Enforcement Problems Hinder Effective Implementation of New Fishery Management Activities
CED-79-120: Published: Sep 12, 1979. Publicly Released: Sep 12, 1979.
- Full Report:
The Fishery Conservation and Management Act of 1976 extended U.S. fisheries management to 200 miles from the territorial sea baseline. The Act authorizes management plans and implementing regulations to protect the fishing stocks from overfishing and to rebuild overfished stocks. It also prohibits foreign fishing in these waters if the domestic vessels have the capacity to catch the optimum yield of the fishery. The U.S. Coast Guard and the National Oceanic and Atmospheric Administration's (NOAA) National Marine Fisheries Service (NMFS) have joint responsibility for enforcing the regulations to implement these fishery management plans. Plans for about 70 species will be developed, and GAO reviewed two of the nine plans already in effect.
Better enforcement of present plans is needed and steps should be taken to avoid similar problems in plans not yet issued. Many domestic fishing regulations which are impractical, confusing, and constantly changing, hamper effective enforcement. The State regulations that exist have not been coordinated with Federal guidelines. It is an impossible task for Federal enforcement authorities to determine where the fish were caught which is necessary to prove a violation. The Coast Guard and the NMFS have not set specific goals or decided what methods and how much staff and equipment are needed to meet the goals. Some Coast Guard personnel are inadequately trained in identifying fish, and since there is a lack of personnel to enforce the law, they are frequently transferred to help out temporarily elsewhere. Coordination is lacking between the Coast Guard and the NMFS, as well as within the NMFS. Penalties have not been strong enough to deter violations; the profit to be gained far outweighs the penalty if violators are caught. Even though the number of foreign vessels fishing the U.S. waters has decreased, as has the volume of their catches since the law went into effect, enforcement could be more effective in many ways. Foreign countries are not being charged the full fee due on their catches since there is no system to verify the accuracy of catch statistics. The high turnover rate of observers and the long time needed for training hampers enforcement. Since the observers do not report violations until they return from sea, a delay of several months can occur.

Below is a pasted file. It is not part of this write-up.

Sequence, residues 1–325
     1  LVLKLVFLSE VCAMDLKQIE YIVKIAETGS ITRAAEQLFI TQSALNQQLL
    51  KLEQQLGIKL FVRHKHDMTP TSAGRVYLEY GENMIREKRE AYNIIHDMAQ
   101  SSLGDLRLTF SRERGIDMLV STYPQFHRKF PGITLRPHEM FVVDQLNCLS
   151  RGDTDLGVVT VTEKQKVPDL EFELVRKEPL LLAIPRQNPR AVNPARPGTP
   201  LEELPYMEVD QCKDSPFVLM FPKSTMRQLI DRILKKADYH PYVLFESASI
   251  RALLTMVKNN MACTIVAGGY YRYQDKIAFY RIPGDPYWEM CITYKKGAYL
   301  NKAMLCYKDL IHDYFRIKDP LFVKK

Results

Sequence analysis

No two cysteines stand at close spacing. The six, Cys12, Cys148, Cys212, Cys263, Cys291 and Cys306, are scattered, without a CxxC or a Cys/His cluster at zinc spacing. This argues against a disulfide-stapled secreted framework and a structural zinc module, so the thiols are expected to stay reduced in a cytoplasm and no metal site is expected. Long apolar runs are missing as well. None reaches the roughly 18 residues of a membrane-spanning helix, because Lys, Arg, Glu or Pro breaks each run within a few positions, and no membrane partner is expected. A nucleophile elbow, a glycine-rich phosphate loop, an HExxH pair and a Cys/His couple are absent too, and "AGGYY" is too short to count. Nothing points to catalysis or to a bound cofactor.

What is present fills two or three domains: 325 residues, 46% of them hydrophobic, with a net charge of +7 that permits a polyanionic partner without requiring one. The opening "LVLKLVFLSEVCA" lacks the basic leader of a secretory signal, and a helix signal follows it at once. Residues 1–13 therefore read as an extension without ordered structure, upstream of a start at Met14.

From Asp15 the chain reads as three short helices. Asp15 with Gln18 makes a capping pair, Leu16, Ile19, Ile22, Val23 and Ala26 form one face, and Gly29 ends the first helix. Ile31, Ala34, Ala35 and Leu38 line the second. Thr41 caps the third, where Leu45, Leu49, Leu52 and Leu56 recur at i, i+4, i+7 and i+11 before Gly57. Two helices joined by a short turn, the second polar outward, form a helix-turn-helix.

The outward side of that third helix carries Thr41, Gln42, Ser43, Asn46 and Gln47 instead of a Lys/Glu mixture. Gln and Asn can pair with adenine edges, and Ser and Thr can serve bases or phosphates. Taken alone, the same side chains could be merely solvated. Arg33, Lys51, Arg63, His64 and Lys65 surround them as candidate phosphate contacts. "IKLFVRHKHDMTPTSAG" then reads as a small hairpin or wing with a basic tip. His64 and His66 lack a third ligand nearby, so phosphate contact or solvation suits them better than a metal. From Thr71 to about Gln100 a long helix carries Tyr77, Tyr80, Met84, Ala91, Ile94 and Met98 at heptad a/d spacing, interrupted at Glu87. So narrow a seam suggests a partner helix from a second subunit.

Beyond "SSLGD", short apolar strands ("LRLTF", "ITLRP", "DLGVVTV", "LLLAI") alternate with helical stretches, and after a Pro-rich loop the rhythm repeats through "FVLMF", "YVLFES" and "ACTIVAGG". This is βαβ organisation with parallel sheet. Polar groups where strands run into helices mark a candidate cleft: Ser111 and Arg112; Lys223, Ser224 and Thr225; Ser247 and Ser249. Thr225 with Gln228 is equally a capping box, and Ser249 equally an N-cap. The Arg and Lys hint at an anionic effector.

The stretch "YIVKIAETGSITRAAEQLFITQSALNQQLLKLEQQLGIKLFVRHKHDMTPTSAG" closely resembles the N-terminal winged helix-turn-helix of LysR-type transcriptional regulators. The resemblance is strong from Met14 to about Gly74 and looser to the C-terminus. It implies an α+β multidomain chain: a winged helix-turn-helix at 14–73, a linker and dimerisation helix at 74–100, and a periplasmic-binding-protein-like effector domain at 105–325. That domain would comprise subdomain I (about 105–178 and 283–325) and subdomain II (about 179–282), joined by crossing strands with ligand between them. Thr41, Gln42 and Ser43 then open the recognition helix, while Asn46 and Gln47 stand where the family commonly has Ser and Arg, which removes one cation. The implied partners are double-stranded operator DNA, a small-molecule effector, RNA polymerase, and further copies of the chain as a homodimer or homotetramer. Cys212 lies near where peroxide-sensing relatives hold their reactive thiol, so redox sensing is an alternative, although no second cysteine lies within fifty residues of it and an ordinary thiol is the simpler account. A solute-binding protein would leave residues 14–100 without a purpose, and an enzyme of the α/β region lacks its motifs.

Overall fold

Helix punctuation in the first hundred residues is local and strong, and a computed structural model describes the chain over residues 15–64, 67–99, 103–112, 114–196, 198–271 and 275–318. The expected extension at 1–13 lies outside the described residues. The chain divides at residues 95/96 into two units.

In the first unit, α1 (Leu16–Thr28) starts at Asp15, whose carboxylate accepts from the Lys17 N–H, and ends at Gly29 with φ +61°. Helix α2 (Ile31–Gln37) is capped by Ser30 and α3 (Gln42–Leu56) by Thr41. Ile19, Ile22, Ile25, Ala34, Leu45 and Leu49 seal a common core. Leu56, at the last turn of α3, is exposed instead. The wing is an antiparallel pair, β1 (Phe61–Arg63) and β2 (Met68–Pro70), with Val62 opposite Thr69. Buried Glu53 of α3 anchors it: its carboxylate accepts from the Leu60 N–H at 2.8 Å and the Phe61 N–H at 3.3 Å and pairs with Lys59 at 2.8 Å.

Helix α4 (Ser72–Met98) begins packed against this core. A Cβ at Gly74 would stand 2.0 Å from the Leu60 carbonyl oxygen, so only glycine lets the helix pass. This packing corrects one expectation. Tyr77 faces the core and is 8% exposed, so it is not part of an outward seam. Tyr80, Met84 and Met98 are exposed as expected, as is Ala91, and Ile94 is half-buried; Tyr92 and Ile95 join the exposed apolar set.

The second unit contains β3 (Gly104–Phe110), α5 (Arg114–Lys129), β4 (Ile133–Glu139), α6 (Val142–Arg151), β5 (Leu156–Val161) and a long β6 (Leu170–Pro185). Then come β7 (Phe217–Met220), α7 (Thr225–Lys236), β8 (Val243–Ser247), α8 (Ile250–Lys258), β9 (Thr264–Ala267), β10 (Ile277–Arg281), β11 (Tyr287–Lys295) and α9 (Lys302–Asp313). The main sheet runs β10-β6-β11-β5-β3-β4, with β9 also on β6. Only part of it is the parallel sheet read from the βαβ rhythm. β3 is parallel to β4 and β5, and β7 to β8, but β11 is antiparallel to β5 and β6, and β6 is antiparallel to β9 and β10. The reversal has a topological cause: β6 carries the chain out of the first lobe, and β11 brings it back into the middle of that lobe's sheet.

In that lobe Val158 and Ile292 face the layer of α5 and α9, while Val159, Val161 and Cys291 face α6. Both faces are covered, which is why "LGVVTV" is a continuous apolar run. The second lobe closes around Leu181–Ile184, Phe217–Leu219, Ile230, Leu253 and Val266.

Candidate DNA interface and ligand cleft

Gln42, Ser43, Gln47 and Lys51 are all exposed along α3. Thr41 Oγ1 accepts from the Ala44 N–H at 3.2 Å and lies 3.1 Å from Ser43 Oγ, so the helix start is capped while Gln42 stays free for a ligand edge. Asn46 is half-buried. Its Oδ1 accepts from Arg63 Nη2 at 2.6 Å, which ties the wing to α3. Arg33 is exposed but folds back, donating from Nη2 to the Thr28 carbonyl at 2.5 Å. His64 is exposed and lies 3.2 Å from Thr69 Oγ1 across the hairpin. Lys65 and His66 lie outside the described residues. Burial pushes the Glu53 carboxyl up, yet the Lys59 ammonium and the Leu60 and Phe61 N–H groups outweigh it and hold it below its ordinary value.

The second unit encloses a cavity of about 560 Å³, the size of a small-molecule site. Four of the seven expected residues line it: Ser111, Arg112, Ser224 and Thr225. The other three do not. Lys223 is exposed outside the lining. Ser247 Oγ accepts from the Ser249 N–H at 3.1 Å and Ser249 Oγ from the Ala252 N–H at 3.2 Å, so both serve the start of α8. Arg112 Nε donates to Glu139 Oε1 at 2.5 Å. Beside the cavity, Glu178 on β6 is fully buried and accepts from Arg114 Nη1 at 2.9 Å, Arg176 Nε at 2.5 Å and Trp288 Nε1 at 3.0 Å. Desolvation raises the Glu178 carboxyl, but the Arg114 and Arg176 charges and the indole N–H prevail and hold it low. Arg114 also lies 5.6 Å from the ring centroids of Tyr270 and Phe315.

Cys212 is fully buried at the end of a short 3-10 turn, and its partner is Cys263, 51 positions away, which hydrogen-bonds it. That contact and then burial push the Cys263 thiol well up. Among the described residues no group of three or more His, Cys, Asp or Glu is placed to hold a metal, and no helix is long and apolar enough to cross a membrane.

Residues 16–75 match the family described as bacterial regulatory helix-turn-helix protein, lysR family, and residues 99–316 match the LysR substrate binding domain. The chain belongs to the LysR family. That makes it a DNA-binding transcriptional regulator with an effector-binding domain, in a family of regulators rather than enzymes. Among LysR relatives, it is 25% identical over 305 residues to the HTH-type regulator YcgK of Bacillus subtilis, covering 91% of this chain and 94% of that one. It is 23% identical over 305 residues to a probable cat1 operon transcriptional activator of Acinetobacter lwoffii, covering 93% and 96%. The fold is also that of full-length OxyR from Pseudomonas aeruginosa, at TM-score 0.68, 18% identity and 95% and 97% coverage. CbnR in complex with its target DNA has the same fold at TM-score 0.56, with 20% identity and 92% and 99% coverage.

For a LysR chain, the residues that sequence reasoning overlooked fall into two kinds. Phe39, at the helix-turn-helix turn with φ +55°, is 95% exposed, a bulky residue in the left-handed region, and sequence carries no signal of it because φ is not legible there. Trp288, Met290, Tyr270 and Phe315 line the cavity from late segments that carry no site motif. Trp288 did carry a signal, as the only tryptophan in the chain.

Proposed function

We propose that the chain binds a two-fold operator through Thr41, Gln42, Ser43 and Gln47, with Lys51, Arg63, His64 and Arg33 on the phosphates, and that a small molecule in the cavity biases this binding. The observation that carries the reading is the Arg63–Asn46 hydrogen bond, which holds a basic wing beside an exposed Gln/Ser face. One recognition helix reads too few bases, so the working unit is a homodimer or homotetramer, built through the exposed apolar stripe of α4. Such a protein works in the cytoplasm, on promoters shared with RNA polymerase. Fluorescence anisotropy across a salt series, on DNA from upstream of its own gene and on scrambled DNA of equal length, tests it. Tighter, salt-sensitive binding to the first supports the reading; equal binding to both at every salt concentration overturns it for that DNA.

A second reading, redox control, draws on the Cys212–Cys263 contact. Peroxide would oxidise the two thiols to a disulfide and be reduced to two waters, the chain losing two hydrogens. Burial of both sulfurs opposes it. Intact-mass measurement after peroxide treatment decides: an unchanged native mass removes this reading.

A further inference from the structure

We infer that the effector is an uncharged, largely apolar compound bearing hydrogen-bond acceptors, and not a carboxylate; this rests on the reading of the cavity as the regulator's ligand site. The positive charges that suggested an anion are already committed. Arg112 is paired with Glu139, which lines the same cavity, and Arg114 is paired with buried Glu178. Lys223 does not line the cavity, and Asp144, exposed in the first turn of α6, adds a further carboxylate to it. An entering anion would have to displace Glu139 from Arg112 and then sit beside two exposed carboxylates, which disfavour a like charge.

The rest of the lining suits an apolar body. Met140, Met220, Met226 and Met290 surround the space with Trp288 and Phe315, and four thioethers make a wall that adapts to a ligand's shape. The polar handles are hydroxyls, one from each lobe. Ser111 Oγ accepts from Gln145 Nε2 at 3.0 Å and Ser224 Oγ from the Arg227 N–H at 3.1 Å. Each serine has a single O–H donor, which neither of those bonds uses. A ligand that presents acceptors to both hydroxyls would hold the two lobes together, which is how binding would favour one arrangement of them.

Recommendation for Executive Action
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Recommendation: The Secretary of Commerce should require that existing plans and regulations be revised to strengthen enforcement by (1) changing to dockside from at-sea enforcement wherever possible; (2) establishing landing limitations on a trip basis rather than a weekly basis; (3) establishing a single quota for each species regardless of where the catch was taken within the fishery conservation zone; and (4) limiting the number of nets a vessel can carry on board. Similar problems require that the practicality and feasability of enforcement strategies and approaches are considered in the approval process for all future plans, and that States be encouraged to regulate fishing in territorial waters and preemptive action be taken when their failure to do so prevents implementation of the Federal fishery management plans. The Secretary of Commerce should also direct NOAA to develop specific enforcement goals, devise strategies and techniques to achieve these goals, identify the resources necessary to carry out these strategies, and ensure that stiffer penalties are imposed with collection action being pursued rigorously. The Administrator of NOAA should be directed by the Secretary of Commerce to strengthen the foreign fishing enforcement program by (1) improving the observer program by reducing the turnover rate of the observers so that they can develop proficiency to perform both the biological sampling and the compliance function and by assuring that foreign violations identified by the observers are processed in a timely manner; (2) requiring that observer reports be used on a routine basis to verify the catch reported by foreign vessels; and (3) assuring that penalties for violations are assessed and collected promptly. The Secretary of Transportation should direct the Commandant of the Coast Guard to assure that personnel engaged in fishery enforcement receive adequate training, particularly in the identification and documentation of violations.